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Biogeosciences An interactive open-access journal of the European Geosciences Union
Journal topic
Volume 15, issue 7
Biogeosciences, 15, 1919-1931, 2018
https://doi.org/10.5194/bg-15-1919-2018
© Author(s) 2018. This work is distributed under
the Creative Commons Attribution 4.0 License.

Special issue: Biological soil crusts and their role in biogeochemical processes...

Biogeosciences, 15, 1919-1931, 2018
https://doi.org/10.5194/bg-15-1919-2018
© Author(s) 2018. This work is distributed under
the Creative Commons Attribution 4.0 License.

Research article 03 Apr 2018

Research article | 03 Apr 2018

Ecophysiological characterization of early successional biological soil crusts in heavily human-impacted areas

Michelle Szyja et al.
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Status: closed
Status: closed
AC: Author comment | RC: Referee comment | SC: Short comment | EC: Editor comment
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Peer review completion
AR: Author's response | RR: Referee report | ED: Editor decision
ED: Reconsider after major revisions (22 Dec 2017) by Emilio Rodriguez-Caballero
AR by Michelle Szyja on behalf of the Authors (19 Jan 2018)  Author's response    Manuscript
ED: Referee Nomination & Report Request started (22 Jan 2018) by Emilio Rodriguez-Caballero
RR by Anonymous Referee #2 (23 Jan 2018)
RR by Anonymous Referee #3 (10 Feb 2018)
ED: Publish subject to minor revisions (review by editor) (12 Feb 2018) by Emilio Rodriguez-Caballero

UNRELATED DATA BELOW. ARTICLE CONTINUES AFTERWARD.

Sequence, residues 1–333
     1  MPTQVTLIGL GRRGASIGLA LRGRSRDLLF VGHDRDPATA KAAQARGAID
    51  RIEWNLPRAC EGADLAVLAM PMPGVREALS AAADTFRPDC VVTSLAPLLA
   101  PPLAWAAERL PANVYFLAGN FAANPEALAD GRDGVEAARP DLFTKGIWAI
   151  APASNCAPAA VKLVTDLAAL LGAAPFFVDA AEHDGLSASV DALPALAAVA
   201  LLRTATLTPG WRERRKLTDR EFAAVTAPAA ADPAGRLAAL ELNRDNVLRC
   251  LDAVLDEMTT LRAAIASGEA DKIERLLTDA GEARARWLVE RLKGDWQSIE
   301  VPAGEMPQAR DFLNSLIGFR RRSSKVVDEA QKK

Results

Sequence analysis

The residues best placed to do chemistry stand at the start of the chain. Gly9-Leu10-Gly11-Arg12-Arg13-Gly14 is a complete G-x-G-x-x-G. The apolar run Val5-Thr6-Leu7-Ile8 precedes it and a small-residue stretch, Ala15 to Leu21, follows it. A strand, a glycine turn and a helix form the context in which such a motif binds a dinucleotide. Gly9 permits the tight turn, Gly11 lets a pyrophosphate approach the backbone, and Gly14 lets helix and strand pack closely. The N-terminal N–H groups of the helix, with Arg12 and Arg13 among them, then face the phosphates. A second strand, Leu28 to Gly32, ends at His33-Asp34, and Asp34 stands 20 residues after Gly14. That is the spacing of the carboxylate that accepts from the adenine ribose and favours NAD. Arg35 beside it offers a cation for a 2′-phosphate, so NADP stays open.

AR by Michelle Szyja on behalf of the Authors (13 Feb 2018)  Author's response    Manuscript
ED: Publish subject to technical corrections (15 Feb 2018) by Emilio Rodriguez-Caballero
AR by Michelle Szyja on behalf of the Authors (17 Feb 2018)  Author's response    Manuscript
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Short summary
Ongoing human impact transforms habitats into surfaces lacking higher vegetation. Here, biological soil crusts (BSCs) provide ecosystem services like soil creation and carbon uptake. To understand the functioning of these areas, we examined the physiological capability of early successional BSCs. We found features enabling BSCs to cope with varying climatic stresses. BSCs are important carbon fixers independent of the dominating organism. We provide baseline data for modeling carbon fluxes.
Ongoing human impact transforms habitats into surfaces lacking higher vegetation. Here,...
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